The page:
Head of the HIV/AIDS research axis, Lady Davis InstituteDirector of the McGill University AIDS Centre
Professor, Medicine, and Microbiology and Immunology, McGill UniversityDr. Mark A. Wainberg is head of AIDS research at the Lady Davis Institute for Medical Research (LDI), Director of the McGill University AIDS Centre located at the LDI, and Professor of Medicine and of Microbiology and Immunology at McGill University in Montreal. He is an internationally recognized scientist in the field of HIV/AIDS, who served as President of the International AIDS Society between 1998 and 2000 with responsibilities that included organizating the XIIIth International Congress on AIDS in Durban, South Africa in 2000. Dr. Wainberg is proud of the role that he played in choosing South Africa as a venue for this congress, which had an important impact on the issue of access to anti-HIV drugs in developing countries.
He is well-known for his initial identification of 3TC as an anti-viral drug, in collaboration with BioChem Pharma Inc, in 1989, as well as for multiple contributions to the field of HIV drug resistance. His laboratory continues to work in the fields of drug resistance and drug development. As well, Dr. Wainberg has turned his attention to novel concepts in the prevention of HIV infection in developing countries, such as vaginal microbicides and pre-exposure prophylaxis. He was Co-Chair of the XVIth International AIDS Conference that took place in Toronto in 2006. Dr. Wainberg is a member of numerous international advisory committees in the field of AIDS. Among other distinctions, he is a fellow of the Royal Society of Canada, an Officer of the Order of Canada, an officer of the Ordre National du Québec, an honorary fellow of the Royal College of Physicians and Surgeons of Canada, and a Chevalier in the Legion d’Honneur of France.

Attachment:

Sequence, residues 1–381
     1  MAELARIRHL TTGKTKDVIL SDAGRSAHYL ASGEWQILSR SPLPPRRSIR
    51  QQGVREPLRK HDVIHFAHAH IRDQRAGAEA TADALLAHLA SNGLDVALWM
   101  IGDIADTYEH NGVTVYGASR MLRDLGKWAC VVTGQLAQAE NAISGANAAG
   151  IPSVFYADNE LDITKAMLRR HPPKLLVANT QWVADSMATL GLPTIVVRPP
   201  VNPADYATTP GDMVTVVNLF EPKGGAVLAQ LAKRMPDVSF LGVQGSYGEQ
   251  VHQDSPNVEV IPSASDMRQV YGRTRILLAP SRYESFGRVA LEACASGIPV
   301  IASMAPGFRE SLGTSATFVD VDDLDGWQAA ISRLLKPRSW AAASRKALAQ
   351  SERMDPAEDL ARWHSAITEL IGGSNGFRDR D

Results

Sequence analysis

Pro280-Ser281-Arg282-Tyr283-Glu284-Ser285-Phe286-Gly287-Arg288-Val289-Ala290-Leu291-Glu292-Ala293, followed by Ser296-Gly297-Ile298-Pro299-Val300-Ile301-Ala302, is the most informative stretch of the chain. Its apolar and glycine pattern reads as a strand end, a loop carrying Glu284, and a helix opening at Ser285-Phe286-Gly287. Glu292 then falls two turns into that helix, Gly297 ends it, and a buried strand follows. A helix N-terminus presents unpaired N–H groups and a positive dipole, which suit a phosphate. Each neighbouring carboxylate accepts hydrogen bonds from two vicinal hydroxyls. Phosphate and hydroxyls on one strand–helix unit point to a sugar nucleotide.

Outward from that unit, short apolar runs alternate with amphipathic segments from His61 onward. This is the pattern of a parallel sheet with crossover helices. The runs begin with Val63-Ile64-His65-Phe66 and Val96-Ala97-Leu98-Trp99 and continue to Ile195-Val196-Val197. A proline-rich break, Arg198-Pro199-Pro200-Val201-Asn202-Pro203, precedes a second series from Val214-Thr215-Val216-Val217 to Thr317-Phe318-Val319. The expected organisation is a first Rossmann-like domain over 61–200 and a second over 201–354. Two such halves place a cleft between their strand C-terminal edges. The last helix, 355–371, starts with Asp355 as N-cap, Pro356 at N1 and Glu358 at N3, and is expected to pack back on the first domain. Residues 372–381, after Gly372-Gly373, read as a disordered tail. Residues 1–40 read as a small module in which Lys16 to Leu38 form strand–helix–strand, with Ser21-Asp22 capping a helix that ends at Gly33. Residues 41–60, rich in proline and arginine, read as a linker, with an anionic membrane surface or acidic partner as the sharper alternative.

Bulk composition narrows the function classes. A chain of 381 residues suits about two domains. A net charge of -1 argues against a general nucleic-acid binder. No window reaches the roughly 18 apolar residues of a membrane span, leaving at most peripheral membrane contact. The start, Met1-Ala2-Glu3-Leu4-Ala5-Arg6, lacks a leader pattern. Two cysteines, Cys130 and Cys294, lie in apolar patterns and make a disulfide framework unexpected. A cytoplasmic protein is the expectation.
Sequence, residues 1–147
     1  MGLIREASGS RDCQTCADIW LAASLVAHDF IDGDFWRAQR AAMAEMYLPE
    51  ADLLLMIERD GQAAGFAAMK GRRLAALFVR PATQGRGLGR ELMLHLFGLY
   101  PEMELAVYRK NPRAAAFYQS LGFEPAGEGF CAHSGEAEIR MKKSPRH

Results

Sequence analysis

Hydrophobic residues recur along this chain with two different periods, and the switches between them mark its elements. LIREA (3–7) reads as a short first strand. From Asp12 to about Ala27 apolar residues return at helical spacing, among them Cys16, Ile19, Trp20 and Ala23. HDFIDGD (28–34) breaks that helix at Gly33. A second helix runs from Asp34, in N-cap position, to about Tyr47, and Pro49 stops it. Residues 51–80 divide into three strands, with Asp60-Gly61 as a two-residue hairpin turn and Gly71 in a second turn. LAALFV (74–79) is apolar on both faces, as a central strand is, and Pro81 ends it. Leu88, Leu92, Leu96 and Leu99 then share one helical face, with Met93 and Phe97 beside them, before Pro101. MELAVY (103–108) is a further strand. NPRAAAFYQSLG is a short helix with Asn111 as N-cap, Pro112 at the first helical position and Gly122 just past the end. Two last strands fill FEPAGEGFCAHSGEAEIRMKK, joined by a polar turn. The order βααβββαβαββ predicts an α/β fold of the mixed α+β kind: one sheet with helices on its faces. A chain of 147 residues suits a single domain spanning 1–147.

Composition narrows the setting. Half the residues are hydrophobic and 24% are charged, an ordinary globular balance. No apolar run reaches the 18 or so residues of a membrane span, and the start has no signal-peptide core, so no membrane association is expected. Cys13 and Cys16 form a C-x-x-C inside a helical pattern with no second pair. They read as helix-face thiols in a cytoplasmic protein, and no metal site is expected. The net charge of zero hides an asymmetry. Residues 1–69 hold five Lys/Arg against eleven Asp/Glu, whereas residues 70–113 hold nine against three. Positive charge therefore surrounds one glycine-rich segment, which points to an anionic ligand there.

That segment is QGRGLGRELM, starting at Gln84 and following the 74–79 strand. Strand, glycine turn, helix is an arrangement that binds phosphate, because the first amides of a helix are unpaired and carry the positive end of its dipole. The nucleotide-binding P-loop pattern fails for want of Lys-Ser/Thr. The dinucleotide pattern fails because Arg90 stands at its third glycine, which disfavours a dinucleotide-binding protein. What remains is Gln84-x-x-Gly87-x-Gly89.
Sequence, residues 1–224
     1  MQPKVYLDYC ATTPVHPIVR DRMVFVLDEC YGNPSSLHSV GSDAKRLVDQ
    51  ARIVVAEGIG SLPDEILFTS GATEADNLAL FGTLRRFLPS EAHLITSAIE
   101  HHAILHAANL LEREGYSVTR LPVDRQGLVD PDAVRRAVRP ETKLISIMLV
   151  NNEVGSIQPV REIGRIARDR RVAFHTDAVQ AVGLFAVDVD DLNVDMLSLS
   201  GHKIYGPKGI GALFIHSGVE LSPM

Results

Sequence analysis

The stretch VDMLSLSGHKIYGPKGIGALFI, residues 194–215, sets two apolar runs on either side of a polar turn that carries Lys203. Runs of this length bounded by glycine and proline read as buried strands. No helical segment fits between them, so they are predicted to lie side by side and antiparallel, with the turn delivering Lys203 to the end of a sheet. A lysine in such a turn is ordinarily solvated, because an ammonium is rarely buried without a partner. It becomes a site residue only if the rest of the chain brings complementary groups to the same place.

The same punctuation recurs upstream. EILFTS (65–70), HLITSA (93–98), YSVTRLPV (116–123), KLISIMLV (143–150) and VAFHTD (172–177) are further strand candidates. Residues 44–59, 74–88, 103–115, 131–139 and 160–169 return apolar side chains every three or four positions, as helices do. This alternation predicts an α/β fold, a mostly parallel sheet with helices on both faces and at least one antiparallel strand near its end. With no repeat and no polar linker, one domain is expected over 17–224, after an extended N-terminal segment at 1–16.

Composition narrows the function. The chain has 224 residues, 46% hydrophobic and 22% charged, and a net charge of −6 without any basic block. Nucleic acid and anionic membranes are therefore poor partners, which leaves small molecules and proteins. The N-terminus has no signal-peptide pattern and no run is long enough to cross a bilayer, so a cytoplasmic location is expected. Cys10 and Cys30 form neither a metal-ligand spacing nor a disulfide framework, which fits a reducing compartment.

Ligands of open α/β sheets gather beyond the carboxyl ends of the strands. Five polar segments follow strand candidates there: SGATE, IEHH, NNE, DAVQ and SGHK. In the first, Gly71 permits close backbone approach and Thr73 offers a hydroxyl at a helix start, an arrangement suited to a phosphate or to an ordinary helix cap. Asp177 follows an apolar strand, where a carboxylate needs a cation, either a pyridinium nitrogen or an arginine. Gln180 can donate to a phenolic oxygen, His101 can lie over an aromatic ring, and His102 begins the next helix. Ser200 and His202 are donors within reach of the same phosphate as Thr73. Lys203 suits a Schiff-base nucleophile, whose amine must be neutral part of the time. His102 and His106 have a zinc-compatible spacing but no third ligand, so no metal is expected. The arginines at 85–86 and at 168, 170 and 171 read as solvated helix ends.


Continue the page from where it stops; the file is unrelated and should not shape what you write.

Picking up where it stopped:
Major Research Activities
Dr. Wainberg’s lab conducts cutting-edge research on differences among various HIV subtypes in regard to the development of drug resistance and the deeper mechanistic bases of these differences. This is important as HIV variability is widespread, with fewer than 10-percent of all new infections worldwide attributable to subtype B viruses, which remains the predominant type in North America. Based in large part on Dr. Wainberg’s data, the World Health Organization recently removed one of the most popular anti-HIV drugs in the world from the recommended list, as it was found to promote the rapid onset of drug resistance.
Dr. Wainberg’s laboratory is also studying the use of anti-retroviral drugs to prevent the transmission of HIV, while exploring whether drug resistance and the creation of drug-resistant viruses might be a negative consequence of this preventive approach.
Coutsinos D, Invernizzi CF., Moisi D, Oliveira M, Martinez-Cajas JL., Brenner BG. and Wainberg MA. A template-dependent dislocation mechanism potentiates K65R reverse transcriptase mutation development in subtype C variants of HIV-1. Plos One. 2011. 6(5)e20208 (p1-16).
Sloan R, Kuhl B, Donahue DA, Roland A, Bar-Magen T, Wainberg MA. Transcription of preintegrated HIV-1 cDNA modulates cell surface expression of MHC-I via Nef. J. Virol. 2011. 85:2628-2636.
Brenner BG, Roger M, Stephens D, Moisi D, Hardy I, Weinberg J, Turgel R, Charest H, Koopman J, Wainberg MA and the Montreal PHI Cohort Study Group. Transmission clustering drives the onward spread of the male-sex-male (MSM) HIV-1 epidemic in Quebec. J. Inf. Dis. 2011; 83(5):751-9.